This interactive discussion format blends solo reflection with small group discussion over three rounds, building to group synthesis. While you can use this to discuss any topic, it’s particularly effective to brainstorm solutions to challenges.
First, identify what you want to solve, figure out, or otherwise make better. Devise three questions to guide the discussion. The first question is often framed in a negative way. It should allow people to discuss the barriers that cause the challenge to persist. It may sound like a ‘venting’ session in action, but this is an important first step. It allows people to see patterns and identify which challenges are the most persistent. The second question should be framed in a positive, forward-thinking manner. This question should allow participants to brainstorm their vision for the future. In an ideal world, what would they want to see happen? Finally, question three should allow participants to get proactive. It should enable people to brainstorm how they can overcome their challenges so that they can best get to their ideal solution.
There will be three rounds, one question per round. Everyone will answer the same question. Each round has a 1-minute solo brainstorm during which each person writes down as many responses to the question as they can. Groups then have 8-10 minutes to do group brainstorming, sharing, and organizing their solo reflections. One person acts as the ‘secretary,’ writing down all ideas on the flip chart paper. When time is up, all but the secretary switches groups. The secretary for each group summarizes that team’s ideas for the new table mates. Repeat the process for questions 2 and 3.
From all of this data, you can now harvest the ideas. As a whole group or in smaller teams, identify the key challenges (question 1), the strengths to draw on (question 2), and possible solutions (question 3). This is a great way to launch PBLs, tackle challenges, and empower students to design their own solutions.
Central to all of these methods: the teacher/facilitator gets out of the way and allows students/participants to talk. While the teacher circulates and supports, they must act as a trusted, neutral facilitator. It has to be safe for people to share without judgment or worry about right/wrong answers. So put on a poker face, play referee when necessary, and get out of the way.
Define the Purpose
No matter who is in the room, the discussion will falter without a clear goal, a goal that must be more authentic than just a mark in a grade book or a completion of staff hours. Are you on a quest to unlock knowledge? To synthesize data? Are you problem-finding or goal-setting? Is the task at hand about developing conversation and collaboration skills? Clearly identifying the purpose will help build trust and -hopefully- generate more participation.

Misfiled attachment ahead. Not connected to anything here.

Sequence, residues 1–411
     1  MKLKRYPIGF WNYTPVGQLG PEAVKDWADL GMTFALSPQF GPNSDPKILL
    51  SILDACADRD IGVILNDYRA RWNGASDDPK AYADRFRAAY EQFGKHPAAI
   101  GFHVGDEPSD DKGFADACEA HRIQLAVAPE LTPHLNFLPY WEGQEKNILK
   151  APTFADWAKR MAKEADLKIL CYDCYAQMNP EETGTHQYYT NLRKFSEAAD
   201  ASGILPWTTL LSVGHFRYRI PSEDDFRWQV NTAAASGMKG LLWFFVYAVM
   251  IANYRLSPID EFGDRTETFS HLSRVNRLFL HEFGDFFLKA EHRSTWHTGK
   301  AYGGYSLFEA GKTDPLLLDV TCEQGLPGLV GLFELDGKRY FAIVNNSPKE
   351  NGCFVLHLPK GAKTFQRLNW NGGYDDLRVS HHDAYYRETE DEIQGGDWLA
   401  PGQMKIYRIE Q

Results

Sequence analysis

Start with Good Questions
Short answers, right/wrong, and yes/no questions won’t stimulate anything. If the facilitator already has “an answer” in mind, the discussion will die. To get started, tap into the abundance of question-writing resources available. RightQuestions.org and its Question Formulation Technique provide practical, proven strategies to help cultivate thinkers and build a climate of inquiry. As you implement the strategies outlined above, you will start to see what types of questions work for your learners/audience.
Make it Authentic
Does it matter to students? The strategies outlined above will certainly spark conversations around any classroom content, but the desire to foster intentional conversations should also be part of a greater shift away from set content to skills-based learning. Allow students to discuss topics that impact them: the future of work, prosperity for all, the environment and being solutionaries, global citizenship. In every classroom, in every subject, we have opportunities to make learning magical by connecting it to the actual needs of students. When students see that we are actively listening to their ideas, their concerns, their needs, they will engage in intentional conversations.
If these strategies aren’t working for you, you have a classroom culture issue. The thing about intentional conversations: they are predicated on intentional relationships. Intentional relationships fuel intentional conversations; intentional conversations bolster intentional relationships. The two are interdependent. As classroom and school leaders, you cannot hope to have truly meaningful conversations on subjects of import without relationships -teacher to student; student to student- grounded in trust, honesty, forgiveness, lack of judgment, and transparency.
Darcy Bakkegard is a change consultant, co-founder of The Educators’ Lab, and co-author of The Startup Teacher Playbook. After more than a decade in the classroom teaching English and theatre, Darcy now creates the type of PD she always wanted, driving change in education and empowering teachers as changemakers. Through her work, teachers reconnect with their purpose, rekindle their spark for teaching, and reignite the JOY of teaching and learning.